Al Farrell promoted to Commonwealth Professor

October 1, 2016

Courtesy of VCU News 

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Two faculty members in the Department of Psychology in the College of Humanities and Sciences have been promoted to the prestigious ranks of University and Commonwealth professors. VCU has promoted Faye Belgrave, Ph.D., professor of health psychology and social psychology and director of the Center for Cultural Experiences in Prevention, to University Professor, and Albert Farrell, Ph.D., professor of clinical psychology and director of the VCU Clark-Hill Institute for Positive Youth Development, to Commonwealth Professor.‌

Faculty members nominated for University Professor must either teach or conduct research that crosses discipline boundaries. These individuals must have an established prominence in multiple fields of study, with national or international recognition in at least one field of study.

Candidates who are nominated for Commonwealth Professor must have an established prominence through extraordinary scholarly attainment, educational advancement, or leadership in an academic discipline or field of study, with national or international distinction.

Belgrave, whose work is community and intervention focused and attends to aspects of culture — including gender, ethnicity, age and place — to promote well-being among African-American youth and young adults, said she was honored to be named a University Professor.

“It is gratifying to be in a department and university that values and recognizes the work I do on behalf of people of African descent and other underrepresented groups,” she said. “I hope this recognition will inspire my VCU colleagues to continue the important work they are doing to promote social justice and to reduce health disparities.”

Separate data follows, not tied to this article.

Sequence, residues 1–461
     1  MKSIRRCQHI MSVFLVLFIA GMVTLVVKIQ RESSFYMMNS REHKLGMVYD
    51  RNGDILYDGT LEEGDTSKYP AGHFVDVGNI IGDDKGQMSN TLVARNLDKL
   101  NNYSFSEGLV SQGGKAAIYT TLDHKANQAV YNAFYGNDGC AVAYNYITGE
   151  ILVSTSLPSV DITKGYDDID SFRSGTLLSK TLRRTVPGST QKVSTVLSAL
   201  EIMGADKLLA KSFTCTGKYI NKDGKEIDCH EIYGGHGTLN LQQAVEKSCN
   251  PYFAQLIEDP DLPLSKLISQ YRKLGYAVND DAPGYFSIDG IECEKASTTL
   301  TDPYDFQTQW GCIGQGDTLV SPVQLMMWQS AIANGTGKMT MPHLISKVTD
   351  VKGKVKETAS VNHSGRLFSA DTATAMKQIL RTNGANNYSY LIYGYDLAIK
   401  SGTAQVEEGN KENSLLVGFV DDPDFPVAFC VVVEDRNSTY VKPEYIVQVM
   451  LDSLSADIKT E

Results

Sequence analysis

Farrell’s research focuses on the development of problem behaviors during adolescence, particularly aggression and bullying; the impact of exposure to community violence and peer victimization on adolescents’ development; and the identification of protective factors that promote the positive development of youth in high risk environments, such as those living in communities with high rates of poverty and violence.

“Receiving this recognition from the university means a great deal to me,” Farrell said. “I joined the VCU faculty as a new assistant professor in 1980. My career has been largely shaped by the unique opportunities provided by VCU, my faculty colleagues, and the Richmond community. They share much of the responsibility for any success I have achieved. VCU has been a great place for me to spend my career and I greatly appreciate receiving this acknowledgement of the work I have done here.”